Approved equivalents are courses taught by program affiliated faculty members that may not have the MDSC subject designation but which we count toward the four “MDSC” courses that you are required to take. In the course catalogue, these courses are noted with “(eq).” Not all cross-listed courses are approved equivalents: only courses that are marked “(eq)” are approved equivalents.
How many courses must be “unique” to the major/minor?
You need to take six courses that are unique for the major, and three for the minor. This means you are using these courses only to satisfy the MDSC major or minor, not any other major or minor. You may, however, use them to satisfy a goal.
How many courses from a study abroad program may I count toward the major/minor?
A maximum of two courses completed during a study abroad program may be used toward the major, one toward the minor. Courses must be approved by your advisor in advance.
How do I figure out which study abroad courses count and how they count toward the major/minor?
You should discuss your course selections with your advisor before you leave: they may request course descriptions and/or discuss the courses with other MDSC faculty before determining whether or not you can count the course.
How many transfer courses may count toward the major/minor?
A maximum of two transfer courses may count toward the major, one toward the minor. The first step is to consult with your Dean to have the course approved as a transfer course to satisfy HWS graduation requirements. Then in order for a transfer course to be approved toward the MDSC major/minor, you will need to consult with your advisor: they may request course descriptions and or/discuss the courses with other MDSC faculty before approving the course. Transfer courses may not be used as one of the required MDSC courses for the major/minor, and they may not count as “approved equivalents.”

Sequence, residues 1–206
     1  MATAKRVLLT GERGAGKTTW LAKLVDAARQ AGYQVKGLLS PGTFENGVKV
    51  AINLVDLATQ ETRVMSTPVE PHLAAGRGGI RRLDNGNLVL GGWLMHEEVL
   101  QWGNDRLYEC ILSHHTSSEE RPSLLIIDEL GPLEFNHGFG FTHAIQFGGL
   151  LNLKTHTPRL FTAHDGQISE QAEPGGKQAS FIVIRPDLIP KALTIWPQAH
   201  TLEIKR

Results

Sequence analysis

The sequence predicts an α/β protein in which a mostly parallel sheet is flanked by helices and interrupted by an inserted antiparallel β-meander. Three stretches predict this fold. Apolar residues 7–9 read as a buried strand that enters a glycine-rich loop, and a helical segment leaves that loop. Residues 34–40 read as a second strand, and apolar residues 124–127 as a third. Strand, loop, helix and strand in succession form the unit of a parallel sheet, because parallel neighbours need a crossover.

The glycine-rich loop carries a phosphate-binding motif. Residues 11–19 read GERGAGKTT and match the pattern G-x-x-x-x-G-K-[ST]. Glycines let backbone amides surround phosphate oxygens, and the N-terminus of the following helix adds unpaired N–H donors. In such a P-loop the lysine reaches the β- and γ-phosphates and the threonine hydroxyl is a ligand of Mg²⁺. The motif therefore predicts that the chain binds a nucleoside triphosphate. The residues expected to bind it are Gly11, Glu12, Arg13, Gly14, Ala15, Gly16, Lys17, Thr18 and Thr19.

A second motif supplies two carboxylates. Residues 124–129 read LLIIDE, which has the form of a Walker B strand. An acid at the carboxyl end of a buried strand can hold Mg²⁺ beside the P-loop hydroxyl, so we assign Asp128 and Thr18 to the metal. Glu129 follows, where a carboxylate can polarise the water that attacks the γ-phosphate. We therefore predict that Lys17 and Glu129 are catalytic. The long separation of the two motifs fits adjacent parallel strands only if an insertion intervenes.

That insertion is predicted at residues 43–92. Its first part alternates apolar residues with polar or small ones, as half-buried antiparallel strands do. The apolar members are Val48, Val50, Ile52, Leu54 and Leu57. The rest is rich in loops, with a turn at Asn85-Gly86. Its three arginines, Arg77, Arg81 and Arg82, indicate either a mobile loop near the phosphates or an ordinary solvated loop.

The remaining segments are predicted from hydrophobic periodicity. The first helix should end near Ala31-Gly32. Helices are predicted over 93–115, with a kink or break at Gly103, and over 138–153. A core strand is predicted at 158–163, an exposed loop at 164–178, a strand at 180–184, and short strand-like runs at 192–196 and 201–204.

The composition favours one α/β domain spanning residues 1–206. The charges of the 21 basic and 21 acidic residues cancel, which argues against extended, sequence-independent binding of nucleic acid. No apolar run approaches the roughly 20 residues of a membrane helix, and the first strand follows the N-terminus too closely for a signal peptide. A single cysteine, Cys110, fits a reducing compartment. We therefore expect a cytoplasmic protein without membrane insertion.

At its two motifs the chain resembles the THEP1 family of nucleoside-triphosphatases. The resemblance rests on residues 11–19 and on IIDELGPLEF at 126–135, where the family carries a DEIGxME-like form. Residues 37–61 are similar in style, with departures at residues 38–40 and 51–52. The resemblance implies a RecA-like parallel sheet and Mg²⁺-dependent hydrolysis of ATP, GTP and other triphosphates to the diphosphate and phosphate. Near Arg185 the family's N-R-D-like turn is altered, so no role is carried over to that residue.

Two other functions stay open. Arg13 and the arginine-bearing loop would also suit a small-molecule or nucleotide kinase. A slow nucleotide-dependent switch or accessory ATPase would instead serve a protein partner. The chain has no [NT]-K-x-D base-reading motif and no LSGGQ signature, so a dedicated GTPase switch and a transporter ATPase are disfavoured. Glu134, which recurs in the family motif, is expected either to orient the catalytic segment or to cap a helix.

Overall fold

May I count an internship toward the major/minor?
May I count a C/NC course toward the major/minor?
May I use the same course to satisfy more than one major/minor requirement?
May I use the same course to satisfy a major/minor requirement and a goal requirement?
What is a senior seminar?
All majors must complete a senior seminar, which is a capstone course for the major. Topics for the course vary by faculty member, but they are all writing and research intensive courses. Typically, students take this course during their Senior year, but Juniors may inquire about whether or not they can register for the senior seminar. Minors do not need to complete the senior seminar and may only register for MDSC 400 with the permission of the instructor.
What are my advisor’s responsibilities and what are my responsibilities?
Ultimately, it is your responsibility to ensure that you are on track to graduate and to fulfill all the requirements of the major/minor. Nevertheless, all majors/minors should meet with their advisor at least once a semester to discuss their progress toward the degree and to discuss future course selections. Advisors are responsible for providing guidance. This guidance may include: different pathways through the major, course selections that fit students’ needs and interests, and other academic issues.